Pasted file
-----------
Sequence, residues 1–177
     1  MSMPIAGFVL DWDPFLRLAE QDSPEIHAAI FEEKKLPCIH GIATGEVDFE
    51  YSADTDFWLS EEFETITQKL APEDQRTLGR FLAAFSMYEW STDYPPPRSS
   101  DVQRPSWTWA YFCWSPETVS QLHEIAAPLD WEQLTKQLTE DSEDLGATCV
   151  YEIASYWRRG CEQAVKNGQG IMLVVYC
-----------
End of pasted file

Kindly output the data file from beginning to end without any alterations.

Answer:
Sequence, residues 1–177
     1  MSMPIAGFVL DWDPFLRLAE QDSPEIHAAI FEEKKLPCIH GIATGEVDFE
    51  YSADTDFWLS EEFETITQKL APEDQRTLGR FLAAFSMYEW STDYPPPRSS
   101  DVQRPSWTWA YFCWSPETVS QLHEIAAPLD WEQLTKQLTE DSEDLGATCV
   151  YEIASYWRRG CEQAVKNGQG IMLVVYC